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  Geotimes - June 2007 - Geophenomena
NEWS NOTES — GEOPHENOMENA
Self-healing home may resist earthquakes 
Rocks ring true at Epidaurus


Roger Hutchison
Engineers are designing a house to withstand destructive temblors like the one that rocked 192,000 structures (including this office building) in Kobe, Japan, in 1995.

Home, heal thyself: Using nanotechnology, scientists are designing a high-tech house that may be able to fight back against earthquake-induced damage by mending cracks in its own walls. The home — a villa to be built on a Greek mountainside — will include a specially designed polymer in its walls that can flow into fractures and harden, as well as an array of wireless sensors that can warn its residents of impending life-threatening damage.

Most buildings suffer structural damage during an earthquake because of sudden ground motion: Shifting along the fault line releases energy as seismic waves that travel for great distances through the ground. The interaction and interference of different seismic waves that causes this ground movement shakes buildings in a variety of ways.

Scientists have experimented with many ways to strengthen buildings against this motion, including the use of elastic materials that won’t break when shaken violently. Further protection from devastation will be in the building’s base, which will isolate the home’s movement from the ground’s and add shock absorbers to dissipate energy and minimize vibration.

But scientists at the Nano-Manufacturing Institute at the University of Leeds in the United Kingdom, collaborating with German manufacturing company Knauf and 25 other partners, have taken earthquake engineering several steps further. The new villa incorporates not only earthquake-resistant, load-bearing steel frames and high-strength gypsum walls, but its walls also contain a fluid containing a nano-scale polymer that scientists hope will help shore up its defenses. The polymer, added in tiny amounts to the gypsum walls, becomes liquid when squeezed under pressure. When cracks form in the walls as a result of the same pressures, the nano-polymer fluid then flows into them and hardens, sealing the fractures.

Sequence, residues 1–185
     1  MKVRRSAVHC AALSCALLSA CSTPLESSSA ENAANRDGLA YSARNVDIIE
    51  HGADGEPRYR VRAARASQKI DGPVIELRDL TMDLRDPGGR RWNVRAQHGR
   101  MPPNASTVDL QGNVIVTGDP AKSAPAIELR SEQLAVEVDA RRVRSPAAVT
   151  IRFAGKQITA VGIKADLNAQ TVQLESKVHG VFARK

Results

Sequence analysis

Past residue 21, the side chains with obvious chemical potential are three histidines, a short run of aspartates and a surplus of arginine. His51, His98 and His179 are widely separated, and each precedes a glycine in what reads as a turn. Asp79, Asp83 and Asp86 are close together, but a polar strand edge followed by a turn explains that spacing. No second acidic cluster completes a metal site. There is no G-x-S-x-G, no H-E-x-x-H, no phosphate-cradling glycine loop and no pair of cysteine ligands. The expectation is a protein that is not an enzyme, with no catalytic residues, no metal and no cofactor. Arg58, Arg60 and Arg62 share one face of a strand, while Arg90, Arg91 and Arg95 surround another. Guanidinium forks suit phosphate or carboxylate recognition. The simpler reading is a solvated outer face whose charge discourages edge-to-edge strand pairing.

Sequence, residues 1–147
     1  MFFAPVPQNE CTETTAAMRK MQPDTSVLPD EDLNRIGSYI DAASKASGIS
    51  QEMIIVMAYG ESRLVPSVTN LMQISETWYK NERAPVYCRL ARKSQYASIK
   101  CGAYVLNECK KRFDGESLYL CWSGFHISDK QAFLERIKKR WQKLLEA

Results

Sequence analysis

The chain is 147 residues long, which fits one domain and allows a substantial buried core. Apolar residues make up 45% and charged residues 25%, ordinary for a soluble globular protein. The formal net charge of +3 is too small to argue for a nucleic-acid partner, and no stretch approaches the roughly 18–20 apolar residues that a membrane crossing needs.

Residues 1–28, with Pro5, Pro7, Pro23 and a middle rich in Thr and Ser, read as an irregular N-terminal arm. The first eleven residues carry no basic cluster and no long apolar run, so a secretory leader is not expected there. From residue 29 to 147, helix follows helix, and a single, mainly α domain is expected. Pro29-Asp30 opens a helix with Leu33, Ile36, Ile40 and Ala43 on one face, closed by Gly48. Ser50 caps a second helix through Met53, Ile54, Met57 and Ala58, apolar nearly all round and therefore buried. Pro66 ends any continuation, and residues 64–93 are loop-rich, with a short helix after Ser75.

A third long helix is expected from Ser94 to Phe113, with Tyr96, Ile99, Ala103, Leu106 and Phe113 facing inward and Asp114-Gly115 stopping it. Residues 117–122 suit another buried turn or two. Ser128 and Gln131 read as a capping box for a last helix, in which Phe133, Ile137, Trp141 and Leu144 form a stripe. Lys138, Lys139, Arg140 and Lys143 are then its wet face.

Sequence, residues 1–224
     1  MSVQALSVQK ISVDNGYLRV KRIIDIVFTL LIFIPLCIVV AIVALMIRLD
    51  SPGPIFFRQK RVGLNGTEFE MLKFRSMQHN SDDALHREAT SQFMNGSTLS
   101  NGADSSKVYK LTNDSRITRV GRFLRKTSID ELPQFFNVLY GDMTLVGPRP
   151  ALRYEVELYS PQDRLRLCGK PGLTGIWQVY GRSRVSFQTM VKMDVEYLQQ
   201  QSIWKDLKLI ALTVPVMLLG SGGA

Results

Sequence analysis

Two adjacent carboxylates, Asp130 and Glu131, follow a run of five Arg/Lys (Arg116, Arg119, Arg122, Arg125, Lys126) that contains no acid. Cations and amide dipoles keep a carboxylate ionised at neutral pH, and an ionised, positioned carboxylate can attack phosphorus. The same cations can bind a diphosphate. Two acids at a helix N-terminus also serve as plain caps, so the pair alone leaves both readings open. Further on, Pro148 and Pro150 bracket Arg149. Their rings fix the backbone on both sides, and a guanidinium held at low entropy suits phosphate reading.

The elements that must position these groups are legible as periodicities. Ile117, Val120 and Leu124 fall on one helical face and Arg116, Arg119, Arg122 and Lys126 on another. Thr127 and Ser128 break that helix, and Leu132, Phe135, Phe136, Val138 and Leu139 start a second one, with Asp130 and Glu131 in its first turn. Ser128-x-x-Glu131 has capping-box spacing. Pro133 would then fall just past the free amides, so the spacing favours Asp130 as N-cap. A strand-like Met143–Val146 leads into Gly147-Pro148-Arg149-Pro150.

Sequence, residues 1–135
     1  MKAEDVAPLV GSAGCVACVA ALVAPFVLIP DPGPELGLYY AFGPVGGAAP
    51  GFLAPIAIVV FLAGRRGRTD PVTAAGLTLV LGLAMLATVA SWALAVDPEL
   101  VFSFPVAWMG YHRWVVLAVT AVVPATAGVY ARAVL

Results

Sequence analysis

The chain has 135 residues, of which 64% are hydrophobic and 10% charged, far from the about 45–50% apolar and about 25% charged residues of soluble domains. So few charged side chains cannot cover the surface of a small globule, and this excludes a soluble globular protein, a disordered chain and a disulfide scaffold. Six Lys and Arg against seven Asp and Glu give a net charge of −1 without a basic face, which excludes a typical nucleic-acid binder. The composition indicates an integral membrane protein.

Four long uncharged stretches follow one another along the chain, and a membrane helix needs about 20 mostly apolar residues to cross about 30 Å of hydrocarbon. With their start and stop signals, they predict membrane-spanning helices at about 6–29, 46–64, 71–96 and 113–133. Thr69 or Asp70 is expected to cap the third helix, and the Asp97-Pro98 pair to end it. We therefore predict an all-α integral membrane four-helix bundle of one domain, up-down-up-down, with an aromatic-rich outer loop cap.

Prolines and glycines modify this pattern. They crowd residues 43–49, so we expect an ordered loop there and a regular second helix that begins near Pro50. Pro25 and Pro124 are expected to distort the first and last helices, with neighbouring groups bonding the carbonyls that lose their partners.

The structure will also include a network of wireless sensors that will record vibrations and stresses on the house’s structure and monitor temperature, humidity and gas levels. These data can be used to alert residents to serious danger and give them crucial time to escape. If the building does collapse, scientists say the structure will also have built-in radio frequency identity tags — transponders that can transmit information and help scientists pinpoint exactly what went wrong. At a cost of $19 million, the European Union is funding the construction of the self-healing home, which is projected to be completed in December 2010.

Earthquake engineering “is the kind of target that makes sense” for nano-technology, says Scott White, a mechanical engineer and project leader of the Autonomic Healing Research group at the University of Illinois at Urbana-Champaign. However, he adds, “There are many steps along the way to achieving something that works well.” For one thing, self-healing materials are so new that little is known about their long-term stability, he says. The Leeds group is still developing its nano-polymers and has not yet published data on their stability. Still, using self-healing systems for earthquake engineering may be a good fit, White says. “There’s great motivation to target a problem like that.”

Carolyn Gramling

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Courtesy of Nico Declercq